We have obtained DNA from two of these species, the woolly and Columbian mammoths. These revealed both a number of adaptations to cold climates and a small degree of interbreeding, as woolly mammoths made their way into North America and contributed a small amount (about 10 percent) to the genome of the Columbia population.

The new work focused on mammoth teeth found in Siberia, where conditions have favored both the preservation of remains and the preservation of the DNA they contain. The teeth come from layers of material that appear to have been deposited at the start of the most recent glacial period, which is when the ancestors of the woolly mammoth population should have been present in the area.

We don’t have precise dates for any of the teeth, as they appear to be too old for carbon dating. Instead, dates have been inferred using a combination of the species present in the deposits and the known timing of flips in the orientation of Earth’s magnetic field. In addition, the shape of the teeth provides some hints about what species they group with and some further indication of when they were deposited. In all, one tooth is likely to be at least 500,000 years old, another about a million years old, and a third somewhat older still.

Previously, the oldest DNA obtained from animal remains is roughly the age of the youngest of these samples. But the researchers were able to recover some elephant-like DNA from each of the molars, although it was badly fragmented, and many individual bases were damaged. Researchers were able to isolate the full mitochondrial genome for each of the three teeth, as each cell contains many copies of this genome in each of its mitochondria. Only fragments of the nuclear genome could be obtained, however—at most, about 10 percent of one genome, and at worst under 2 percent. (Less than 2 percent is still tens of millions of individual bases.)

Using the differences between the mammoth and elephant DNA and assuming a constant rate of mutation, the research team was able to derive independent dates for when each of the animals that left a tooth must have lived. Based on the mitochondria genome, the dates were 1.6 million, 1.3 million, and 900,000 years ago. For the two that had enough nuclear genome to analyze, the dates were 1.3 million and 600,000 years ago. The DNA-based dates for these two lined up nicely with each other and the date of the material they were found in. The oldest sample might be older than the deposit it’s in, and thus it might have been moved after death.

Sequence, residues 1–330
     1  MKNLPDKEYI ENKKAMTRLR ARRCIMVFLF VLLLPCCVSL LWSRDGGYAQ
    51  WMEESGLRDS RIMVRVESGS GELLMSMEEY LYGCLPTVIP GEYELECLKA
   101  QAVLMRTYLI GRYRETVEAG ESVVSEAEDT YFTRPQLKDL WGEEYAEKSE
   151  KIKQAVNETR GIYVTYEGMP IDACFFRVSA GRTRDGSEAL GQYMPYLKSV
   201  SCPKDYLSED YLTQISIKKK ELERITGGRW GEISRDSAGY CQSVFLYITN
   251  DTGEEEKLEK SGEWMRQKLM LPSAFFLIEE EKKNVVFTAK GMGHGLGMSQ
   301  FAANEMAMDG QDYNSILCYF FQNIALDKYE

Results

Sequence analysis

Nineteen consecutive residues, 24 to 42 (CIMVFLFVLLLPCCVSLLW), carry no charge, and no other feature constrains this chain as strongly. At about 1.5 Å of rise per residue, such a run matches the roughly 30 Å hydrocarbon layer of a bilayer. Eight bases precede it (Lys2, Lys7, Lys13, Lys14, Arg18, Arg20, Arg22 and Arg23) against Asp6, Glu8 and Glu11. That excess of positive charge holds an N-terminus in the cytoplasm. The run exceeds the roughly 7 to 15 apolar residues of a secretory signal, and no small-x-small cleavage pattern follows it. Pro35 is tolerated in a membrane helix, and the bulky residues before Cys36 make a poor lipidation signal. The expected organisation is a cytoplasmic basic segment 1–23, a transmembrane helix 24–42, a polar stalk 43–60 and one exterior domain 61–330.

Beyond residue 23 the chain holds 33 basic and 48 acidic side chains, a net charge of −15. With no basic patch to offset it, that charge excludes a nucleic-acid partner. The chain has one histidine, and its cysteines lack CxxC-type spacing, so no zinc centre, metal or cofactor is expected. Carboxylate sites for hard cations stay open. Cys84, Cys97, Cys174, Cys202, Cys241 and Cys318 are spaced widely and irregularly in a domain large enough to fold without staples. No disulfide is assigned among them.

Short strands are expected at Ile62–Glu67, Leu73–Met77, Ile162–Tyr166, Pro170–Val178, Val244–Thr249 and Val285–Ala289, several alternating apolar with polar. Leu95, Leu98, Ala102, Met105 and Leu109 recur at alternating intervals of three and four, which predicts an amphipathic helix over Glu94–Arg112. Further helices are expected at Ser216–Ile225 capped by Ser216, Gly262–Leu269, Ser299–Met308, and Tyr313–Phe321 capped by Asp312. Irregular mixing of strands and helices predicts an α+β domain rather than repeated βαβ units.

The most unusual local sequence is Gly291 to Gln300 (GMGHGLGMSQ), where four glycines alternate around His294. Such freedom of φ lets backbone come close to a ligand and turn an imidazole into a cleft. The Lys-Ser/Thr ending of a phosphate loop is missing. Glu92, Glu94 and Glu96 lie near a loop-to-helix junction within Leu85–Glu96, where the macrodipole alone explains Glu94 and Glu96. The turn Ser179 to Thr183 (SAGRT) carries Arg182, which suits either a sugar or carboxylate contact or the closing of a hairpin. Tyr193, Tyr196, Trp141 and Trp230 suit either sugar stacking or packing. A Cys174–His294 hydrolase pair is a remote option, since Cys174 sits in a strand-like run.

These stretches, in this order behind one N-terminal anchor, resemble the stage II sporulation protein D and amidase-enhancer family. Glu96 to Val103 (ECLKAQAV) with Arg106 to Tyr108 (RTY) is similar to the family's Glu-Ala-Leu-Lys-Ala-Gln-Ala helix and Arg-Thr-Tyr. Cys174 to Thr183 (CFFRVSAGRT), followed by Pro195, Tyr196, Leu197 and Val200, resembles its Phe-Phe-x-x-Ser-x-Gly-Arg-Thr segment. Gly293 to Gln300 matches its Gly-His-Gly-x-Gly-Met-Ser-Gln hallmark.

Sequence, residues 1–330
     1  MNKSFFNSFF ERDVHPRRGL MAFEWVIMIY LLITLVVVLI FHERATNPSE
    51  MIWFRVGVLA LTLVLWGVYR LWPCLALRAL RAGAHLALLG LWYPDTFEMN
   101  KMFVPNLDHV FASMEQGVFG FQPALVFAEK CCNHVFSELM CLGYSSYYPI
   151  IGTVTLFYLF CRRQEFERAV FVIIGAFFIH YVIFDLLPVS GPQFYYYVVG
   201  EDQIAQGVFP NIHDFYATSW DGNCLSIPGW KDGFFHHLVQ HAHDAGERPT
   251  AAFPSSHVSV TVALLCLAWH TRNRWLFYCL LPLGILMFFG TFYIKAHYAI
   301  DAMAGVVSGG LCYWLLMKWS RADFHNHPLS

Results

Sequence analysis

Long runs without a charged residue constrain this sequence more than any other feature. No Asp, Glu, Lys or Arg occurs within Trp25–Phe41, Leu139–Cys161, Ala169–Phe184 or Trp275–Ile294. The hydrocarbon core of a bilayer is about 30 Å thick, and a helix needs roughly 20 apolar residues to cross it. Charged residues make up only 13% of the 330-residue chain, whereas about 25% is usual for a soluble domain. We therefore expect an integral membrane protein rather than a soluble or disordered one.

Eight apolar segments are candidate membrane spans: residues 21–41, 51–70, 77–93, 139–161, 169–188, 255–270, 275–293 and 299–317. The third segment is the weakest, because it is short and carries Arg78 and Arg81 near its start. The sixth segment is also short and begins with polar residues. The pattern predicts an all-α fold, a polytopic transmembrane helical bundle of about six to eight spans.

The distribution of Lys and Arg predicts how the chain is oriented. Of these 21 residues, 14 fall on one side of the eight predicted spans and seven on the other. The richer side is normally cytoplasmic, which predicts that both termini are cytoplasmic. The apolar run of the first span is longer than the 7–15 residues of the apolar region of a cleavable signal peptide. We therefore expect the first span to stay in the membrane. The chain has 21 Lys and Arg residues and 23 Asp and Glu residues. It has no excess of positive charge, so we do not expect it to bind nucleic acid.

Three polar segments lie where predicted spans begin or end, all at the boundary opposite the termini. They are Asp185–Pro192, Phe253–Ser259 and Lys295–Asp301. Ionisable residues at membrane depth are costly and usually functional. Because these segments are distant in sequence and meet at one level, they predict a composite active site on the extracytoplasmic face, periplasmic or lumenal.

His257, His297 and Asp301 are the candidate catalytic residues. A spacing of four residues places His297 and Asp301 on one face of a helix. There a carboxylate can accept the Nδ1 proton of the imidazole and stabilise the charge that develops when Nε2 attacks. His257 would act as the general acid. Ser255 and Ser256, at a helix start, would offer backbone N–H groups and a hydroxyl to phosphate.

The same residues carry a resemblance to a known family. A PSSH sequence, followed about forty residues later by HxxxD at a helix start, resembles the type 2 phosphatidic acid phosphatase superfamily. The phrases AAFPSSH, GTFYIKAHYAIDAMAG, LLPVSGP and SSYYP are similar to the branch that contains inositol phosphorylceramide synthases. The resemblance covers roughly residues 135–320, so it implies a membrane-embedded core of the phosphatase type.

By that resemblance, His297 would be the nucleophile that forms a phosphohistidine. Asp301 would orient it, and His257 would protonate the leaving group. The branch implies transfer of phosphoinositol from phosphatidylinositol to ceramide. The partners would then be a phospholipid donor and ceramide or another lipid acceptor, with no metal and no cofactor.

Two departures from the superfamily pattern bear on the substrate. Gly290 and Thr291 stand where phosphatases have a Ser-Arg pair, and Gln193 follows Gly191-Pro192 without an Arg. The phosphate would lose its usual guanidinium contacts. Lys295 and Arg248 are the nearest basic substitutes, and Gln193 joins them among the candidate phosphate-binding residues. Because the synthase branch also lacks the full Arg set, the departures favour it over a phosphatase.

While these dates are fairly uncertain, they pretty clearly place two of the samples as the oldest DNA ever obtained from animals. And it would mean that these mammoths were living in Siberia shortly after ice-age conditions prevailed, although before there was a clear woolly mammoth lineage. They’d also predate the known appearance of mammoths in North America.

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The Brain’s ‘Background Noise’ May Be Meaningful After All

At a sleep research symposium in January 2020, Janna Lendner presented findings that hint at a way to look at people’s brain activity for signs of the boundary between wakefulness and unconsciousness. For patients who are comatose or under anesthesia, it can be all-important that physicians make that distinction correctly. Doing so is trickier than it might sound, however, because when someone is in the dreaming state of rapid-eye movement (REM) sleep, their brain produces the same familiar, smoothly oscillating brain waves as when they are awake.

Lendner argued, though, that the answer isn’t in the regular brain waves, but rather in an aspect of neural activity that scientists might normally ignore: the erratic background noise.

Some researchers seemed incredulous. “They said, ‘So, you’re telling me that there’s, like, information in the noise?’” said Lendner, an anesthesiology resident at the University Medical Center in Tübingen, Germany, who recently completed a postdoc at the University of California, Berkeley. “I said, ‘Yes. Someone’s noise is another one’s signal.’”